In a normal year, the hallways of the Plaza Theatre would be much more crowded during the Atlanta Film Festival. But, with COVID, almost all fanfare is eliminated and they truly have made the festival experience be as low contact as possible with concessions delivered to your seat and reduced capacity in the theater itself, expanding the offerings of the virtual screenings. The majority of films I will write about while attending the festival I will see virtually, with the exception of Together Together, Akilla’s Escape, The Dry, and Nine Days. Still, it’s good to be back in the theater as more and more people become vaccinated and safety measures are taken.
Matt (Ed Helms) is in a little bit of a crisis. He’s a single man in his 40s who wants to start a family. At one point he did have a partner of eight years, however their relationship went downhill and he’s been single since. His situation leads him to consider having a surrogate mother for his child, and he is connected with a woman in her mid-20s, Anna (Patti Harrison), who will be the mother.
Together Together portrays Anna’s experience through pregnancy and Matt’s anticipation of being able to start a family. As the title suggests, the two become close, drawn together by the pair’s sarcastic sense of humor and Matt’s genuine desire to become a father. Matt and Anna aren’t always sure where boundaries lie, but they value each other’s company and compassion in this shared experience. And as intimate as hearing a child’s heartbeat is, Matt and Anna aren’t together- Matt is old enough to be Anna’s father. Credit should go to director/writer Nikole Beckwith and Helms for ensuring Matt’s character comes off as, at worst, awkward rather than creepy. Anna makes no mistake making clear that she does not want to know the gender of the baby since she doesn’t want to become close to the baby, and Matt respects her wishes, also declining the offer to know the gender of the baby since he knows himself too well and that he’ll instantly blurt out the gender at any given moment should he know.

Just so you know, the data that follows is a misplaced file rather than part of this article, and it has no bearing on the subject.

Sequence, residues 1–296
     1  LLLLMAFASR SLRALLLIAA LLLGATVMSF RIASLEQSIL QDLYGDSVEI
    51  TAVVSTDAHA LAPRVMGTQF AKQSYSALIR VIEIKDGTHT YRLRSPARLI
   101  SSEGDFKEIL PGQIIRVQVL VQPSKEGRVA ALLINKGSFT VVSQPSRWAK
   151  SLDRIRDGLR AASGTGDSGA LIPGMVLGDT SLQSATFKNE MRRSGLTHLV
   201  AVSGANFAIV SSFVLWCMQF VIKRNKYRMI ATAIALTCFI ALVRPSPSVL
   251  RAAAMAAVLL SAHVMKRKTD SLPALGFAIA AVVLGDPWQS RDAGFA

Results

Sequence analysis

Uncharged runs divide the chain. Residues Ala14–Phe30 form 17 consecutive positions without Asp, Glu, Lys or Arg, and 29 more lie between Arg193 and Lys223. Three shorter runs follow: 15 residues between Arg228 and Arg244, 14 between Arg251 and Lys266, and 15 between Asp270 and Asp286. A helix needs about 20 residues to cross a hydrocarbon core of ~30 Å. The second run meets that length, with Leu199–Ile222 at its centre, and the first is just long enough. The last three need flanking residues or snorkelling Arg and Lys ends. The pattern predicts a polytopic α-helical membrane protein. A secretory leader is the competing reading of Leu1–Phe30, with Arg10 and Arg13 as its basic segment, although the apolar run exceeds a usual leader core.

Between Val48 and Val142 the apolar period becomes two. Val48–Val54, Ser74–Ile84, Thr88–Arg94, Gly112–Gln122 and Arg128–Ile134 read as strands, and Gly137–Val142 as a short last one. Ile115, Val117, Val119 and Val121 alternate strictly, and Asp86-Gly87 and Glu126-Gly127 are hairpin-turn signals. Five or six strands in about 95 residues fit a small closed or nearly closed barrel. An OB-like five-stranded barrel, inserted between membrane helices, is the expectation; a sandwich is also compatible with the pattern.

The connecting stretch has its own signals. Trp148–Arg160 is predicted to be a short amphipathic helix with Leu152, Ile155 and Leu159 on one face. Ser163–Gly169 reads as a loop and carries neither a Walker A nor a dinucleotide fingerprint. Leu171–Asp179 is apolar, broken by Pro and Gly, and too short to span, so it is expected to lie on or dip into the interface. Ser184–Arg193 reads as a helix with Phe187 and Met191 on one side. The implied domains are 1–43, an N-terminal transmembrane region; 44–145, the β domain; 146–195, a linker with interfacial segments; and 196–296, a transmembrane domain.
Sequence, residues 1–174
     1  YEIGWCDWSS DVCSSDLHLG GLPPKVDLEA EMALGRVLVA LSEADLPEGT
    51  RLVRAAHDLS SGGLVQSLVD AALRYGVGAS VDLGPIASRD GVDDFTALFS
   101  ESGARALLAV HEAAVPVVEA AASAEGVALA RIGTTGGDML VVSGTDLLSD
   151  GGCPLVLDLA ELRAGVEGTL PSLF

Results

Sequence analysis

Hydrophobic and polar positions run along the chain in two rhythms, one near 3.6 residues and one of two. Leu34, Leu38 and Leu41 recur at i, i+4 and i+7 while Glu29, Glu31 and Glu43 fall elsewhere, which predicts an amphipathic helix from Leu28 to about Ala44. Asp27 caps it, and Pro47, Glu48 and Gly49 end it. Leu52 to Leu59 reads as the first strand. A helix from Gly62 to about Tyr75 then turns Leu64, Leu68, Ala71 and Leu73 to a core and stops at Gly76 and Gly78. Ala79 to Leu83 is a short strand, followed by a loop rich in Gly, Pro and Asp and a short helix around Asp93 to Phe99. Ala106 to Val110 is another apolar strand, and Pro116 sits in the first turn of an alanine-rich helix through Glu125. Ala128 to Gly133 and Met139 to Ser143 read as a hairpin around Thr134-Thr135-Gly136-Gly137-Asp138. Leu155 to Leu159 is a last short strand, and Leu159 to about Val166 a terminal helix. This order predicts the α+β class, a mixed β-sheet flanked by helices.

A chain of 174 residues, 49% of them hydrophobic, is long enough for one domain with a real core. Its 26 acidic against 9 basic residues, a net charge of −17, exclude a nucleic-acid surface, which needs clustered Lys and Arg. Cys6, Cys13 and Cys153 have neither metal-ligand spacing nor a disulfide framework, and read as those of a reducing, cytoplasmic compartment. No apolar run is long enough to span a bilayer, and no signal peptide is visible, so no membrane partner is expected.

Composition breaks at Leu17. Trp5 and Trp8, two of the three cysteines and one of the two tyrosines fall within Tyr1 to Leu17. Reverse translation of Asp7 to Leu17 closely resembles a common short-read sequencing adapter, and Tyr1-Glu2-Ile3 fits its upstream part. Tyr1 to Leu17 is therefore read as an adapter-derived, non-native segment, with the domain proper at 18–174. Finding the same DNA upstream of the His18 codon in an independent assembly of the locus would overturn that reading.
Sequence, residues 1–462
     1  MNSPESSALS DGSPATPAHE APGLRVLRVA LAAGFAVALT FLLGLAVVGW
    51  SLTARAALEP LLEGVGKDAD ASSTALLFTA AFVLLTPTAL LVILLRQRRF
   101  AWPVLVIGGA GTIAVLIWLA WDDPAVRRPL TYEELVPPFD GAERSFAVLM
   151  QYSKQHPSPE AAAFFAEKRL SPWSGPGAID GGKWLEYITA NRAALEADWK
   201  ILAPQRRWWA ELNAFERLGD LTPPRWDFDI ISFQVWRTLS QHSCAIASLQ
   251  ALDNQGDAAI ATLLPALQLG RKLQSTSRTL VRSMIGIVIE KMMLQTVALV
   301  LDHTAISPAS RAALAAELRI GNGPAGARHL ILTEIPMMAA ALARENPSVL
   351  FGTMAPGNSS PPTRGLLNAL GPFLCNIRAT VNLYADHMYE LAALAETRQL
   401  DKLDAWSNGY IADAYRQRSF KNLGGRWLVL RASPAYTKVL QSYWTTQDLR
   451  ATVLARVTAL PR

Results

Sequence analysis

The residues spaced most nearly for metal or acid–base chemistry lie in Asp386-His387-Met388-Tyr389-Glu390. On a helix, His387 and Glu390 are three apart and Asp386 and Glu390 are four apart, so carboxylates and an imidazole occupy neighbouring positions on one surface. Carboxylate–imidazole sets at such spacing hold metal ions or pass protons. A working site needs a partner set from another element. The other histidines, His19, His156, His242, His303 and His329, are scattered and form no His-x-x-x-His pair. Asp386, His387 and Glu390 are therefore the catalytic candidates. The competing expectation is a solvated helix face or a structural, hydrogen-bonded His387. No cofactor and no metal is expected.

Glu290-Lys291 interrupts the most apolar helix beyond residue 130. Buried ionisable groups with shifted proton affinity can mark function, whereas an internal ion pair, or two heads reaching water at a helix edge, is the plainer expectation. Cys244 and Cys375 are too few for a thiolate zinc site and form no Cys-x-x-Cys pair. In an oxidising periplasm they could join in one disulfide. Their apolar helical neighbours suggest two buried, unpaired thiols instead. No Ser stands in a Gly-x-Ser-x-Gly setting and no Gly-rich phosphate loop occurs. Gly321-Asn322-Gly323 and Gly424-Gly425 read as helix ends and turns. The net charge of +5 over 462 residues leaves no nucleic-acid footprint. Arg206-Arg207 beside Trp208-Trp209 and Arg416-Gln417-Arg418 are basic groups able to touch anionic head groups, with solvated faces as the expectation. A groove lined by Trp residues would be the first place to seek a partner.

And so the baby becomes known as “Lamp” until birth since Matt does not want to refer to the baby as “it” and does not know the gender. Matt and Anna settle on Lamp since ‘lamp’ is not a name and doesn’t have a connotation to gender. Despite the gravity of the story, Together Together is a heartfelt comedy that brings humor out of Matt and Anna’s lives as well as its supporting roles. The film pokes fun at how lonely Matt is, and a medical technician (Sufe Bradshaw) who sees Matt and Anna in some of their most awkward/humorous moments complements the film’s dry comic tone.
As the birth of the child approaches, Matt and Anna have worked out their boundaries and have grown together as friends, not lovers. Together Together excels at portraying their journey and growth as characters, and there are some truly heartwarming moments as the pair pick out a color for the baby’s nursery and when Matt supports Anna as she undergoes labor. Together Together shows just how special starting a family should be, and with Matt as the father and Anna possibly becoming the ‘cool aunt’ for the child, we know that Lamp will have a bright future.
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